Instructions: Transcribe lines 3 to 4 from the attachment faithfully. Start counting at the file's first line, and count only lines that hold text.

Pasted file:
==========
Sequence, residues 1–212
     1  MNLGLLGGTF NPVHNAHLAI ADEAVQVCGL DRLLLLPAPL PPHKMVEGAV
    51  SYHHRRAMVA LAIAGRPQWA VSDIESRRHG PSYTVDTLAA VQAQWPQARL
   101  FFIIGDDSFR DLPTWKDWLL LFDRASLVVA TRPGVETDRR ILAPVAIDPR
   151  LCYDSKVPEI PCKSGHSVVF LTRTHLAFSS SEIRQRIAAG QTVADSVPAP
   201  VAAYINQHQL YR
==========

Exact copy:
    51  SYHHRRAMVA LAIAGRPQWA VSDIESRRHG PSYTVDTLAA VQAQWPQARL
   101  FFIIGDDSFR DLPTWKDWLL LFDRASLVVA TRPGVETDRR ILAPVAIDPR